Bones and bytes from Lincolnshire to Jersey

Les Monts Grantez Neolithic passage grave, Jersey (photo by author)

Les Monts Grantez Neolithic passage grave (c.4000 to 3250 BC), Jersey

My previous Day of Archaeology posts (Returning to archaeology and On the trail of the elusive fallow deer) were written while I was a mature student, studying part-time for a Masters degree in Archaeology, in fulfilment of a long-held ambition. That went well — better than I expected, in fact — so, a few years later and with the encouragement of my MSc supervisor, I now find myself on the brink of starting work on my PhD. For me, this is the stuff of dreams and hard to believe, as the first in my family to attend university, many years ago.

I’m excited about my research project, which will look for evidence of diet and mobility of people and animals in Lincolnshire, from the Neolithic to the Iron Age. Using the technique of stable isotope analysis, which I was keen to use in my MSc research, I will examine dietary ‘signatures’ in bones and teeth from archaeological sites in the county. After building a database to hold the results of my analyses, I will add as much comparable data as I can find from published papers and excavation reports, as well as the commercial ‘grey literature’. Statistics and data visualisation software which I will add to the database will allow me to compare and contrast the area of Lincolnshire with the rest of the UK, which has generally been better studied. From preliminary discussions, this work should complement other projects looking at later periods in the same area, as well as those in adjacent regions, so I am looking forward to the prospect of collaborative work with others.

La Cotte de St Brelade, Neanderthal occupation site, Jersey (photo by author)

La Cotte de St Brelade Neanderthal occupation site, Jersey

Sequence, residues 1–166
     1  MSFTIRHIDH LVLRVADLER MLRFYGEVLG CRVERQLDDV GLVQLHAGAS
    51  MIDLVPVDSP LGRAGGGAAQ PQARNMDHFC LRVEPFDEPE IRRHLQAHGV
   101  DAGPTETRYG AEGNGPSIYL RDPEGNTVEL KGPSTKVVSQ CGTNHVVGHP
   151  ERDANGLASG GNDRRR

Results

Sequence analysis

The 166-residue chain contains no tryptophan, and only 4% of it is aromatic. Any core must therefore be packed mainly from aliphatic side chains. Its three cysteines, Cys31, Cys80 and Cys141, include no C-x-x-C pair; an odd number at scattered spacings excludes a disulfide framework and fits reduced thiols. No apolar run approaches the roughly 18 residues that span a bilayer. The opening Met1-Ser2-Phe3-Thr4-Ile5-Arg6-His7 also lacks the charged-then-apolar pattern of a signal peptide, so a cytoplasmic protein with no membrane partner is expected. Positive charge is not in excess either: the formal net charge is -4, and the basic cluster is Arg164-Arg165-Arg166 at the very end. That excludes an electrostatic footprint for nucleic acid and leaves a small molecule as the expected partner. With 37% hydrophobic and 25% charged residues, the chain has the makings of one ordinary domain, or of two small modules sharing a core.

However, that is still in the future so today’s work relating to archaeology, although more mundane, is still interesting. As an IT professional with qualifications in archaeology, I have been invited to join a project to set up an Historic Environment Record system for Jersey Heritage, using the free Arches software. When the project is completed in three years’ time, it will provide a website which the public can use to explore the rich archaeological and historical resources of the island of Jersey. Today, I will be reviewing my notes from a project meeting I attended on Monday, after a very interesting weekend visiting many of the prehistoric sites on the island with a colleague, including the internationally important Neanderthal occupation site at La Cotte de St Brelade and numerous Neolithic burial sites. It was also fascinating to see some of the conservation and recording work taking place on the Iron Age Le Catillon hoard of over 73,000 coins and gold jewellery, in the museum at La Hougue Bie.

Later today, I’ll also read the installation notes for setting up a demo version of the software, which we need to have working to show to Jersey Heritage and the local archaeological society, Société Jersiaise, before I start work on planning for the server which will be the system’s home on the Internet. For me, this is the perfect project, combining my IT experience with archaeology, which I find endlessly fascinating.

Le Catillon hoard (photo by author)

Conservation and recording of Iron Age Le Catillon hoard of coins and gold jewellery, La Hougue Bie Museum, Jersey